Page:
Acceptance

“Don’t let your past dictate who you are, but let it be part of who you will become.”  Unknown

Upstairs on my antique tripod table sits a 50 year old, detailed and beautifully-carved horse head. The horse head is carved into a grainy piece of faded, now dusty, and variegated wood the color of Kurashige mango.  I pass by this slab of wood every time I go in and out of my bedroom or walk through the upstairs hall.  It is dear to me as my brother, Jim, carved it way back when he started junior high school.  It was Jim’s first attempt at woodworking and it shows how extremely talented and creative my brother was.

There are a variety of mementos from Jim sitting around my home: a dried flower arrangement in my bathroom, note cards and photo albums stashed under my desk, and even a miniature pot for burning incense, that was never used by me, sitting on one of my bookshelves.  These gifts were all thrown out by our mother when my brother died, only to be rescued by me.  I ask, HOW can a mother callously throw out remembrances of her son’s life? As I sit here rehashing our family trauma, I feel like a deflated hot air balloon, devoid of emotion.  I have spent nearly all of my life being angry at my parents, so I think I have finally cleansed myself of that horrid sensation.  When I lived with my parents, expressing my anger wasn’t allowed, so I stuffed it only to explode at mom and dad years later after my brother’s death.

Now, I suffer such a conundrum as I struggle to unravel the tangled threads of our family dynamics. My blue-eyed, red-haired, hotheaded brother was beyond rebellious while growing up. Yet, Jim was also highly artistic, creative, and intelligent. My brother drew detailed pictures while also exhibiting an eye for design and color. Jim loved various cultures and was fluent in Spanish, French, Russian, and Tibetan. Plus he knew and spoke a little Dutch and German.  Jim and I were night and day opposites as I worked at being a people pleaser, to calm my mom and dad.  Plus, I loved the freedom of being outside, riding my bicycle 35 miles, body-surfing in the ocean, doing water-ballet, or reading a book in the sun, as I escaped from being around my parents.

My brother was also quite liberal-minded, but it was the 60’s in Southern California after all … “sex, drugs, and rock n’ roll.”  Dad, a staunch conservative, couldn’t be in the same room for five minutes with my brother before the fireworks went off.  Ninety percent of the time I felt as if I was in the middle of a Vietnamese war zone between the surprise attacks and sudden explosions. Avoiding being around our parents was a priority for my brother, Jim, and me.

Our dad’s grandparents came from Conwy, Wales and were exceedingly strict to the point of being abusive.  Consequently, our dad’s father used to beat up his wife, his daughter, and his son, our dad. Our dad broke the cycle slightly in the fact that when he finally out grew his father, dad told his father that he “would kill him if he EVER laid a hand on his mother and sister again.”  However, what dad did not recognize was the belittling that took place at home. Thus, he carried that habit forward to our home.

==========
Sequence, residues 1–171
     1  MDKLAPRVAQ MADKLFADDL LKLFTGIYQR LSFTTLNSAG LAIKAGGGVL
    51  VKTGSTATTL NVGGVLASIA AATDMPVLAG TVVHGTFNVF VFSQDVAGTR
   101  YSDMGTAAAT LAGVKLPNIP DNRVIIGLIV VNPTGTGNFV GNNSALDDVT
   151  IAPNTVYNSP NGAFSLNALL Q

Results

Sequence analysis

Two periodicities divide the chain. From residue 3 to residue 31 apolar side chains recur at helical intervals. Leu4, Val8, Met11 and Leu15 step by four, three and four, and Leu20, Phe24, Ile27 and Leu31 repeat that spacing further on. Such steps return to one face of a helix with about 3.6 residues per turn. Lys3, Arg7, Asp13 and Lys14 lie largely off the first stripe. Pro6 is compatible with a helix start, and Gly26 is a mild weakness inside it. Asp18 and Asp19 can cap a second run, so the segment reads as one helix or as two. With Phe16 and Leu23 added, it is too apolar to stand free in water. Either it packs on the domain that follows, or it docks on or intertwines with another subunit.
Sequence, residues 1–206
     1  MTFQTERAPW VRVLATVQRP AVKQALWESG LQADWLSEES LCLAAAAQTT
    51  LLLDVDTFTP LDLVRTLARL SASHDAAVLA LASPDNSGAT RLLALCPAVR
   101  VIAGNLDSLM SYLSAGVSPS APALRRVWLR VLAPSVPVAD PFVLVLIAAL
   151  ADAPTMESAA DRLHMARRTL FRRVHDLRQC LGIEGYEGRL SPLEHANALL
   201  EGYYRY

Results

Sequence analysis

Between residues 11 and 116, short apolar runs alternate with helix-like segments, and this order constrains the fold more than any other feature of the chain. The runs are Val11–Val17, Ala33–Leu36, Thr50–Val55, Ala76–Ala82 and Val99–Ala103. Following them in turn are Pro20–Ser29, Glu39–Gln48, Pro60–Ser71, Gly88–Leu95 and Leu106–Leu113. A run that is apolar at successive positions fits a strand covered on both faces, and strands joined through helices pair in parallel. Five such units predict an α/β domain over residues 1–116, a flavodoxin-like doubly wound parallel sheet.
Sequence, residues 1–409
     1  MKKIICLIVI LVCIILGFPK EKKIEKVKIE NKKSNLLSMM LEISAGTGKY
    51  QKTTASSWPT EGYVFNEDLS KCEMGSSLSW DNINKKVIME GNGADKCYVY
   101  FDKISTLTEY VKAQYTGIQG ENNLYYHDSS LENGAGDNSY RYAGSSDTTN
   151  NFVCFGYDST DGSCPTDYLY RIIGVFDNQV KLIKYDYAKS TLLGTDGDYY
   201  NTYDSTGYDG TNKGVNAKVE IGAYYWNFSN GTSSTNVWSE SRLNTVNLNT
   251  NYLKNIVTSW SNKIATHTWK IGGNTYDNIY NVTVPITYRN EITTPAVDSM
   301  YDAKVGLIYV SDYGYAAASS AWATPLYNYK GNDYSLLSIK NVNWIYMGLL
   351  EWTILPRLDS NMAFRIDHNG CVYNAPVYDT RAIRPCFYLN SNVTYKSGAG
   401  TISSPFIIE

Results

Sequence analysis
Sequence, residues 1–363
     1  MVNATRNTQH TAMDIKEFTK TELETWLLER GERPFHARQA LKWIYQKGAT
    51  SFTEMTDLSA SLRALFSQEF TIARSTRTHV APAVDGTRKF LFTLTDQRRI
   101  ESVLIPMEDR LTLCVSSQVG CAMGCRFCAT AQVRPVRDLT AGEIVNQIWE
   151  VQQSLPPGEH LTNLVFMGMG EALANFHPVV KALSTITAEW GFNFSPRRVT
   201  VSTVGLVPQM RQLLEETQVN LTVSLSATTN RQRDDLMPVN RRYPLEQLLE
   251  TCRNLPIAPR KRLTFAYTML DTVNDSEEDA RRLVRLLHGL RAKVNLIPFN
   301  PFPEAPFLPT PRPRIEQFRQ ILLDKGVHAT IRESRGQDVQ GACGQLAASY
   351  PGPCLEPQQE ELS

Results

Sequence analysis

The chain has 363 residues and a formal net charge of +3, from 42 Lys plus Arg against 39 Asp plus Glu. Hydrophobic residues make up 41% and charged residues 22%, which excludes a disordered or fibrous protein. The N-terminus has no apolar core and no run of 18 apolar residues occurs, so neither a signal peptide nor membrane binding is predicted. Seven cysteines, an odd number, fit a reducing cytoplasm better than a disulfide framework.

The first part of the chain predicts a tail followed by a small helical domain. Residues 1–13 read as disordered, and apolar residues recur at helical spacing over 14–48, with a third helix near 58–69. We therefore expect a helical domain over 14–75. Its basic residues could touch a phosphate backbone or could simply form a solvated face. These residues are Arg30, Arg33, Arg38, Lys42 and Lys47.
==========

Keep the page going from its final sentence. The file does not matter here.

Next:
Mom grew up in a similar situation. Mom’s father’s family came from Germany. My great grandfather had been a superior court judge for the state of California.  He had been quite wealthy, but then he tried to help the state by backing a bond for a Northern California water system.  Unfortunately, the bond failed and the state of California took everything from my family. Our family’s anger never dissipated and brutally impacted everyone. Mom’s parents were extremely stringent in their life-style and beliefs.  Thus, our mom’s and dad’s childhoods had been extraordinarily difficult, and they had quite strict ideas about how the world “should be” as neither of our parents had a healthy or happy parenting style.

Consequently, our parents had no idea of how to deal with two children who had ideas of their own about what they wanted out of life. Supposedly, “good children” always followed their parents’ advice and did EXACTLY what their parents said… right?  Not in our case.

I had spent my life as a buffer between our parents and my brother so when I left for college the firewall was gone.  Jim and dad argued one day over heavens knows what, the argument escalated, and dad beat my 16 year old brother up.  Jim ran out of the house never to return as he moved in with a friend.  Jim sold drugs to survive.  Plus, what we didn’t know is that the “friend” was a sexual partner. I learned years later that Jim had been raped too by a supposed Sea Scout leader. So Jim had quite a few sexual experiences that we had no clue existed.